London is a destination for people around the world with over 30 million international visitors per year. World-class sights, premiere entertainment, and experiences like no other place on earth.
Local tourist offices provide information about the city, maps, hotel and hostel bookings, information about getting around on public transport, tours, and how to find the best deals. The official tourism site for England is: http://www.visitbritain.com
and for London it is: http://www.visitlondon.com.
Offices can be found through the visitlondon.com site.
The British Tourist Authority
The BTA can provide you with information on tourism in London as well as anywhere in the UK.
Tel: +44 (0)20 01 8846 9000
London Tourist Board and Convention Bureau
26 Grosvenor Gardens, Victoria, SW1
Tel: 44 (0)20 7971 0027
British Travel Centre
12 Lower Regent Street, SW1
Tube: Piccadilly Circus
Corporation of London Tourism Centre
St. Paul's Churchyard, EC4
Tel: +44 (0)20 7323 1456
Liverpool Street station
The City, EC2
Tube: Liverpool Street
England is proud of its history and monuments and most historic sites are maintained by the National Trust of England. Membership can be obtained which offers free priority access and discounts for a year or a lifetime. Membership also contributes to the sites's preservation and new acquisitions.
Tower of London
Nearest station: Tower Hill underground station
Tel.: 0844 482 7799 (from the UK) or +44 (0)20 3166 6000 (from outside the UK)
Admission: Adult £19.80, Children £10.45
Hours: Tuesday - Saturday 09:00 - 16:30; Sunday - Monday 10:00 - 16:30
One of the most popular tourist attractions in London, "Her Majesty's Royal Palace and Fortress" is a historic castle on the north bank of the River Thames. Built by William the Conqueror in 1078, the castle has an illustrious history as prison, palace, home of the iconic Beefeaters, the Crown Jewels and the Royal Armouries. A visit to the Tower is a must for all visitors to London.
Tower Bridge Exhibition
Address: Tower Bridge Road, London, SE1 2UP, United Kingdom
Tel.: +44 (0) 20 7403 3761
Admission: Adults £8.00, Children £3.40
Hours: Tuesdays and Thursdays; duration 1 hour and 30 minutes
This iconic bridge is often mistaken for London Bridge which lies further along the river. The museum offers the history of the bridge and breathtaking views of London.
St Paul's Cathedral
Address: St Paul's Churchyard, London, EC4M 8AD
Admission: Adults £14.50, Children £5.50
Hours: Monday to Saturday between 8.30 - 16:00
This cathedral is home to the tombs of great historical figures such Lord Nelson and the Duke of Wellington. Visitors can climb the 530 steps from the cathedral floor to the Golden Gallery, also known as the Whispering Gallery, for panoramic views of London.
Houses of Parliament & Big Ben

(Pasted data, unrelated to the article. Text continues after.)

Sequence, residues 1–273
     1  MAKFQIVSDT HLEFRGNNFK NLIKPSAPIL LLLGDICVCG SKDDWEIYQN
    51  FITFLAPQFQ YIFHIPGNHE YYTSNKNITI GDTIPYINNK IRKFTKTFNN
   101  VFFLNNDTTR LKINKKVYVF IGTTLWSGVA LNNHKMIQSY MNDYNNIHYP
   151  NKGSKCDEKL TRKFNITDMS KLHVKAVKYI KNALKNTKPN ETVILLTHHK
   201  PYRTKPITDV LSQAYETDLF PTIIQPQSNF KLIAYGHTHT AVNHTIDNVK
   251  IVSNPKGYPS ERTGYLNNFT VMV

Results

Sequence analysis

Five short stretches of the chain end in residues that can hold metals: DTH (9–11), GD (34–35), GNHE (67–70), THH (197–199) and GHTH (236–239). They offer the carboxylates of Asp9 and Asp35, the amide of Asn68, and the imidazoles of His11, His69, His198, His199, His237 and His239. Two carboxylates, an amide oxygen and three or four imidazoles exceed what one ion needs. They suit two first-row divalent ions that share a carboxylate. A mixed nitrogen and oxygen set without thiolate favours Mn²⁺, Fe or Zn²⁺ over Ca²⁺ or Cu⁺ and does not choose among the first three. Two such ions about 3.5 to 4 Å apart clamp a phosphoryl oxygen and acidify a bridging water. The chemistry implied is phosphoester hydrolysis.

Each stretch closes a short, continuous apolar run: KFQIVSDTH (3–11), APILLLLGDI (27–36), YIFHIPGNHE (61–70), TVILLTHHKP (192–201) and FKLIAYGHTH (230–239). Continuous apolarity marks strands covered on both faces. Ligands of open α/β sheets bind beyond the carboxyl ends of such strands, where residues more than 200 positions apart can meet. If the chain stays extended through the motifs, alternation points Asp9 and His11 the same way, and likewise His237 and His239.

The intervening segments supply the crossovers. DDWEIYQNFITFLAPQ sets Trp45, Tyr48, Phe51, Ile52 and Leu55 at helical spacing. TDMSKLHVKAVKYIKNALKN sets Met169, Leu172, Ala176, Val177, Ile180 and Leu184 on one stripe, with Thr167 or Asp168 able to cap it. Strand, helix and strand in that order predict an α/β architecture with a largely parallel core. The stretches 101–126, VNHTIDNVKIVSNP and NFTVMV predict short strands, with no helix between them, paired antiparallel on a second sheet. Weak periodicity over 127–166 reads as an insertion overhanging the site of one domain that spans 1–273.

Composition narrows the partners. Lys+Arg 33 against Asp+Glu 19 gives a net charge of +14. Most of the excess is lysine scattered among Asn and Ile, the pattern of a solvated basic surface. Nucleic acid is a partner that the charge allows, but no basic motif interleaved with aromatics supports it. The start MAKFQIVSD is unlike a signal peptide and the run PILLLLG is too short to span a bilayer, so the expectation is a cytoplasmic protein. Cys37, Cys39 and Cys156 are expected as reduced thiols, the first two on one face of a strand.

Address: Norman Shaw South, Victoria Embankment, City of London, Greater London
Tel.: 020 7219 4272
Admission: Adults £15; Children £10
Hours: Tours run from Monday to Saturday inclusive, but not on Sundays or Bank Holidays. Overseas visitors can only tour Parliament on Saturdays and during the Summer Opening when paid-for tickets can be purchased. Tours take about 75 minutes.
The Houses of Parliament is where laws governing British life are debated and enacted. The building originates from 1840 after a fire destroyed the previous building. "Big Ben" is the large bell tower that strikes on the quarter hour and is a highlight of the skyline.
Address: Buckingham Palace, SW1A 1AA
Admission: Complete tour, £31.95; State Rooms including audio £18.00
Hours: 31 July - 30 September, 09:45-18:30 (last admission 15:45)
Sometimes informally referred to as "Buck House", this is the Monarch`s permanent London residence since the accession of Queen Victoria. It is the largest private house in London with more than 660 rooms.
Changing the Guard - Taking place in font of Buckingham Palace, this ceremony takes place at 11:30. The ceremony lasts about 40 min. and takes place inside the railings of the palace. A separate ceremony also takes place daily throughout the year at Horse Guards Parade in Whitehall at 11am Mon-Sat and 10:00 on Sun.
London Eye - Millennium Wheel
Address: Riverside Building, County Hall, Westminster Bridge Road, London SE1 7PB
Tel.: 44 (0)871 781 3000
Admission: Adults £18.90; children £9.90; online discounts
Hours: January - March 10:00 - 20:30; April to June 10:00 - 21:00; July and August 10:00 - 21:30; September to December 10:00 - 20:30
The London Eye sits on the bank of the River Thames and can be seen from around the city. Appearing as a giant ferris wheel, it is actually the biggest observation wheel in the world. A circuit takes over 30 minutes and offers spectacular views of London.
The statue of Admiral Lord Nelson dominates this popular square. The square was laid out in 1830 and is a popular venue for political rallies and used to be home to thousands of pigeons. Pigeon food sellers have now been banned, but people still fed the legions of pigeons here.
Address: Windsor, Berkshire, SL4 1NJ
Tel.: 44 020 7766 7304
Admission: Adult £17, Children £10.20
Hours: March to October 09:45-17:15 (last admission 16:00); November to February 09:45-16:15 (last admission 15:00).
Located just outside of London, it is the oldest and largest occupied castle in the world. It has been the official residence of the British sovereign for over 900 years and the amazing State Apartments are a favourite with London tourists.
Address: thoroughfare located in the borough of Camden and the City of Westminster in London